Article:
And after listening to it over and over, smoking endless packs of cigarettes, pacing the floor at 4 AM, he concludes:
"In the early Sixties, I had a friend on Philosopher's Row who used to play all of his 'serious' records in a dark room lighted only by black and purple light bulbs and iridescent art. Incense burned. Nonsense reigned. How sad that he would have loved much of Horses."
Do reviewers even think like this anymore? You can't help but wonder, would anyone who published a rave of the first Patti Smith album be willing to stand up and read it in public today? And what of Smith's rock-crit prose poems from her interlude at Creem? How do they stand up to Nelson's writing, or to that of Lester Bangs, or to Ellen Willis from the same period? They don't, since they were never meant to probe the lives and souls of the performers, to make sense of the times from which the music emerged, and particularly with Willis, from a social/political/feminist point-of-view. For all their fandom, Smith's rock-crit was a launching pad, the beginnings of a jukebox being stacked for play. Nothing more. Nelson ultimately saw Smith as her own greatest fan. Alongside Out Of The Vinyl Deeps: Ellen Willis on Rock Music and a classic Bangs collection, Psychotic Reactions and Carburetor Dung: The Work of a Legendary Critic, we now have Kevin Avery's Everything Is An Afterthought: The Life and Writings of Paul Nelson. With it, one of the most thoughtful, soulful, and articulate writers on music in the 60s and 70s has been revived. Alongside pieces on Dylan, Springsteen, the Dolls, Warren Zevon, et al, is, of course, Nelson's review of Horses. All these years later, what would he say if he had lived to see Smith in the corporate atrium of MoMA last December, for her performance to commemorate the 101st birthday of Jean Genet? Or at the Metropolitan Museum, when she similarly honored Alfred Stieglitz and, with her rendition of "Georgia On My Mind," Georgia O'Keeffe? Nelson wouldn't have been surprised in the least, and he wouldn't have bothered to go. But what of Smith's annual New Year's Eve shows, which she has announced were to be her last in New York? Patti, he might say, lighting yet another unfiltered cigarette, swigging from a bottle of Coke, has outlasted us all because she still believes in something called Patti's Myth, and she still plays all of her hits—"We're Gonna Have a Real Good Time Together," "Hey Joe," "Soul Kitchen," "Gloria," "My Generation," and, as always on Dec. 31st, "Time Is On My Side."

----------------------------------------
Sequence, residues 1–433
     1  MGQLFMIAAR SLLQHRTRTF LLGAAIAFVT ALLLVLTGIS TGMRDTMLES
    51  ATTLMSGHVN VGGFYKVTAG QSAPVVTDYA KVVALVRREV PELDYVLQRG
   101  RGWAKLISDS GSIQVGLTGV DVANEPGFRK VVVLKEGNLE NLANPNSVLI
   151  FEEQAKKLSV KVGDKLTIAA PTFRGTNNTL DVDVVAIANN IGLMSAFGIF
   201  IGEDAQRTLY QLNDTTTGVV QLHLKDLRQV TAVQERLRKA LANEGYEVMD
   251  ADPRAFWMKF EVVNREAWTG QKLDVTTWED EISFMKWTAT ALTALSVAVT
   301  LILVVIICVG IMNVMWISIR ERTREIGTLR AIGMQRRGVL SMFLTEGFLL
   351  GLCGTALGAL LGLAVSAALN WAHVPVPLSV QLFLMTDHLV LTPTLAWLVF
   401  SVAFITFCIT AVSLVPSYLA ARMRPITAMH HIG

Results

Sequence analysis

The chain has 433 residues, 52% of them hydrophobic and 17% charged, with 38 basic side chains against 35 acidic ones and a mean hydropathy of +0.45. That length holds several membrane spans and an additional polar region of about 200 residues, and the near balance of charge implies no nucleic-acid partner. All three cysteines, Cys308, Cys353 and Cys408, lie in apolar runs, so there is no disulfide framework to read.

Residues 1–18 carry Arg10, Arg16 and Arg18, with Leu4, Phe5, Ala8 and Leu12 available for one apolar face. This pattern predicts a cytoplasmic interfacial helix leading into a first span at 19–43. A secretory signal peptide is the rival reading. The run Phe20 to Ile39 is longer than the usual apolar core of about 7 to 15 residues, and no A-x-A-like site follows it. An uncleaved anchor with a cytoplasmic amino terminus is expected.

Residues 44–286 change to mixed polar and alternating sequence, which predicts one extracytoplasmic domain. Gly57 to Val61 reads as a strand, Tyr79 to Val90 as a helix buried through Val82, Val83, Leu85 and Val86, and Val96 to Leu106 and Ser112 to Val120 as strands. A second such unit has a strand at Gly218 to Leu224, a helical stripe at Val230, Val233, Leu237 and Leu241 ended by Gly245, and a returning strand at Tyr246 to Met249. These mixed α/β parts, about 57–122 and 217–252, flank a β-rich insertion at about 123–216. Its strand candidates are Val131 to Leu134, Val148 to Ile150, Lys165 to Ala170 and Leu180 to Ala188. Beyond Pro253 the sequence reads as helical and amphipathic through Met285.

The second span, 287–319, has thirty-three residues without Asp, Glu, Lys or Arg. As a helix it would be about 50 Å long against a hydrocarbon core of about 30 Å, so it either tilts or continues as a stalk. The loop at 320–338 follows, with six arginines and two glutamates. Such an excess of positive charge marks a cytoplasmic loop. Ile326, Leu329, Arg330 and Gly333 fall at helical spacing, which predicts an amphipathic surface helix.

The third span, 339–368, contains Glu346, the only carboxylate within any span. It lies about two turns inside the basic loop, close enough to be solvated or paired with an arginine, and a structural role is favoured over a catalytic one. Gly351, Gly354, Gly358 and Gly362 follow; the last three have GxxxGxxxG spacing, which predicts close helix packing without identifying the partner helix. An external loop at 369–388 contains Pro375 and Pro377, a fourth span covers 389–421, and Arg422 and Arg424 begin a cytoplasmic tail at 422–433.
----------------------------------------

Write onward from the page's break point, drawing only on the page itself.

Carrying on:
- Out Of The Vinyl Deeps: Ellen Willis on Rock Music (Edited by Nona Willis Aronowitz, University of Minnesota Press, 2011)
- Psychotic Reactions and Carburetor Dung: The Work of a Legendary Critic (Edited by Greil Marcus, Anchor Press, 1988)
- Everything Is An Afterthought: The Life and Writings of Paul Nelson (Fantagraphics Books)